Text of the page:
Seeds are sown fresh. The taproot extends to 5m below the surface unless checked by hardpans. Seedlings bear fruit after seven years but grafted trees may bloom in the third year. However, it is better to remove all panicles during the first four years. Bloom is initiated by drought or cold. The flowers are male or perfect, but few of the latter develop into mature fruit. Alternate bearing occurs frequently due to rain, mineral deficiencies and other factors. Bonfire smoke and a 1% KNO3 spray promote flowering.

The general practice is to graft on polyembryonic stock. Well-known rootstocks are cultivars ‘Pahutan’, ‘Goa’, ‘Golek’, ‘Arumanis’, ‘Carabao’, ‘Pico’, ‘Sabre’, ‘Carotte’ and ‘Maison-rouge’. The seeds are washed, dried in shade, and sown 5cm deep, convex side up, at 15 x 30cm. Germination of peeled seeds takes 18 days, or one month with the seed coat on. The cotyledons remain in the soil, the shoot is tinged with red. Hybrids must be removed; these seedlings are always at the micropylar end. Transplanting at 40 x 100cm takes place when seedlings are 10cm high; care is taken that roots and stems are not damaged. Stocks should be fed and irrigated frequently; weeds, pests and diseases must be controlled. Modern practice is to plant the seedlngs in 15cm-deep bags.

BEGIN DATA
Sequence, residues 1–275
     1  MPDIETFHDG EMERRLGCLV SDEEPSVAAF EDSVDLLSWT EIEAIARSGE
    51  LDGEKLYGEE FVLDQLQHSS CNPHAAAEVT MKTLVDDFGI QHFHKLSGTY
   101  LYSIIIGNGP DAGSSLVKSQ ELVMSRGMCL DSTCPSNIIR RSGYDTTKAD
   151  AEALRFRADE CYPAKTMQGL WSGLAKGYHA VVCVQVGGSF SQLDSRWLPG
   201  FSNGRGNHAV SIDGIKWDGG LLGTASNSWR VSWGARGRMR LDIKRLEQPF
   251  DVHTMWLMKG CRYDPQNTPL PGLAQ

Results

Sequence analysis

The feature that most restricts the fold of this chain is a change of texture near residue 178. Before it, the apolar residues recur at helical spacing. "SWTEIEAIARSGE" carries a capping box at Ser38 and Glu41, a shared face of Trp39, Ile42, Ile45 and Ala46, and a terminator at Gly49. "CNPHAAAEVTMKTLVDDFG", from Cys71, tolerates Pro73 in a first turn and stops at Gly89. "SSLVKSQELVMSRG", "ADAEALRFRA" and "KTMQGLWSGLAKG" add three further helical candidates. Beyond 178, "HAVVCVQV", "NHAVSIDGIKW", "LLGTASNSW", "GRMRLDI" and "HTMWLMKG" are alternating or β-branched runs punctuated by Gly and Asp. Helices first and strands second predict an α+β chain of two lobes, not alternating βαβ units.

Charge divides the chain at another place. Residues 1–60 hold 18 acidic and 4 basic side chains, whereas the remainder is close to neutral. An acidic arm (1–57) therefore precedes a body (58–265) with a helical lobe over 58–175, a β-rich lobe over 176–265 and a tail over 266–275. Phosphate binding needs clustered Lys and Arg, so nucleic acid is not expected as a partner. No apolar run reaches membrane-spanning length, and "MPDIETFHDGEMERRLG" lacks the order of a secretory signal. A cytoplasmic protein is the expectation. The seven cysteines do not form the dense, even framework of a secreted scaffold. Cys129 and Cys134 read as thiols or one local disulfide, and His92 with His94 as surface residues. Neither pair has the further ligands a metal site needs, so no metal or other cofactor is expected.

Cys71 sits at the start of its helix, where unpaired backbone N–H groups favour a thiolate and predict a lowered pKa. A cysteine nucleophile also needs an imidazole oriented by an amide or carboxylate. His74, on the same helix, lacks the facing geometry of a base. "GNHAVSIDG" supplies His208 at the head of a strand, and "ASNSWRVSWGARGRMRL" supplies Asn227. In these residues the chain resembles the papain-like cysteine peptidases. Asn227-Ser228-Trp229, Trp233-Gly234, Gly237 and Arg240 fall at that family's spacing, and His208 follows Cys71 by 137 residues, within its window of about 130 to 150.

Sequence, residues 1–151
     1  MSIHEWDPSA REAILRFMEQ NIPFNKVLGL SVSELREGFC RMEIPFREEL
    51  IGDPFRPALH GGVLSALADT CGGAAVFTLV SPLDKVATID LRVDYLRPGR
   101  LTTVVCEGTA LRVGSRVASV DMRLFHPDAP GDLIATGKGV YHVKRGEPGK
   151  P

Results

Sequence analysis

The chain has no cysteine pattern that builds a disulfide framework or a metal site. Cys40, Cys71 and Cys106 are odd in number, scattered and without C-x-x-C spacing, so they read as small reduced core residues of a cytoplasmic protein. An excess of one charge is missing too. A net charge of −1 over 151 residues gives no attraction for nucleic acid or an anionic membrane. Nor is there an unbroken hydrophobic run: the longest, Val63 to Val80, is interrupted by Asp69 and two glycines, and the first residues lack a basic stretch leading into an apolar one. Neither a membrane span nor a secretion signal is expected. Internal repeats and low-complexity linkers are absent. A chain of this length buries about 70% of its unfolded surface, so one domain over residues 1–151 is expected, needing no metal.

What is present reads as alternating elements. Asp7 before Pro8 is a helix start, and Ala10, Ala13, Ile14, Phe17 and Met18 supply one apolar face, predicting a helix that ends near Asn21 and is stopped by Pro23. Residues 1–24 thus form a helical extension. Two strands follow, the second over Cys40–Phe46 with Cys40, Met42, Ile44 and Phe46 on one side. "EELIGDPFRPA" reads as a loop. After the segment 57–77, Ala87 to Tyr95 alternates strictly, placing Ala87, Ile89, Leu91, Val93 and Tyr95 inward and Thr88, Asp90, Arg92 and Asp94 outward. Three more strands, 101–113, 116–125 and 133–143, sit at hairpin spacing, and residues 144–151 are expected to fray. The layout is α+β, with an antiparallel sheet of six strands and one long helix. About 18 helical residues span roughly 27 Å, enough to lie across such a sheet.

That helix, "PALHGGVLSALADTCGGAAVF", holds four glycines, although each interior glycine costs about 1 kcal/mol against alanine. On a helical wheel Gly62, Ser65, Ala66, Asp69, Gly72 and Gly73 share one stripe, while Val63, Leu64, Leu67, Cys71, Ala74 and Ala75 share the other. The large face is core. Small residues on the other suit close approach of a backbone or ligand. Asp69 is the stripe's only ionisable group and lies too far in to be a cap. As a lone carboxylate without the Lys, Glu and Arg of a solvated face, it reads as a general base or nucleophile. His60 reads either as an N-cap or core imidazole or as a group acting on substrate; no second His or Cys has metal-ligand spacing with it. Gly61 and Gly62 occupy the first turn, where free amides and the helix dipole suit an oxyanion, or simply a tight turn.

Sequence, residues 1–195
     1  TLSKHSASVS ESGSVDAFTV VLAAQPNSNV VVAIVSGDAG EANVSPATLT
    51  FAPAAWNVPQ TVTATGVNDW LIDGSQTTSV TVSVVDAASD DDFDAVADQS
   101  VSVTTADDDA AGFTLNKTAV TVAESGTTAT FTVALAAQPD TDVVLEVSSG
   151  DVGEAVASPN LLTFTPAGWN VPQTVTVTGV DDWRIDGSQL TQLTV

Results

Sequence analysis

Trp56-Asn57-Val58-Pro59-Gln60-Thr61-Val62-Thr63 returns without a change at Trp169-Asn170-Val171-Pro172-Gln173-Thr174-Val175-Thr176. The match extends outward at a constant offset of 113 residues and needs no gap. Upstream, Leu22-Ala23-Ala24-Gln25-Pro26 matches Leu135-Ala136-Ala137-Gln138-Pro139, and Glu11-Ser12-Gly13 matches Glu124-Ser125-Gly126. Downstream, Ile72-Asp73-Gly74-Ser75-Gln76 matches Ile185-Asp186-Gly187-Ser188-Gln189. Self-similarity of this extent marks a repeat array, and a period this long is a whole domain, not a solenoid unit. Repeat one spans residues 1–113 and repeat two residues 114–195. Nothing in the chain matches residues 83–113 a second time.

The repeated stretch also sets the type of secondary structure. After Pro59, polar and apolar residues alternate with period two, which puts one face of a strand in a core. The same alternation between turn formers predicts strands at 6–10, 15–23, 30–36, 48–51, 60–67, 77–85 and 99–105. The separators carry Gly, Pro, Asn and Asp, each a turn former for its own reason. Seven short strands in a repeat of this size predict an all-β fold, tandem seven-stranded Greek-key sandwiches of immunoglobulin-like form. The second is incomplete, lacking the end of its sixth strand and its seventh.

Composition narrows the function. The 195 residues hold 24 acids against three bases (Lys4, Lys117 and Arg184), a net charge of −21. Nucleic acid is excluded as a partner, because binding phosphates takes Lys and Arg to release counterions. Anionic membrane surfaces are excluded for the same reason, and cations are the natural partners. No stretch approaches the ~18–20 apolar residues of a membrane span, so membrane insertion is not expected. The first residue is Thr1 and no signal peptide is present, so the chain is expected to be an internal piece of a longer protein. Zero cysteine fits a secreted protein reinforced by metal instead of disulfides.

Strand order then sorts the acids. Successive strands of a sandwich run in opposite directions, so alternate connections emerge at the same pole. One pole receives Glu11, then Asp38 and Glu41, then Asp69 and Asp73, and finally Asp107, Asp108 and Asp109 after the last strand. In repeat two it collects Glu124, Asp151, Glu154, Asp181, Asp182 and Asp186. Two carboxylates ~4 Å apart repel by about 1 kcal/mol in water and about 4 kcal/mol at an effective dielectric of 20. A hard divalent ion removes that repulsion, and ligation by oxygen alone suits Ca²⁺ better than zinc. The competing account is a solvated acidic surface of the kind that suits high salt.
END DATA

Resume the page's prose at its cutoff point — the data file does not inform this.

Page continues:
Approach grafting on six-month to one and a half year old stock is common in India; elsewhere budding is preferred as it takes less labour. The regular practice in Florida is chip budding on very young stocks. Cuttings, cut layers and stooling are possible methods of propagation.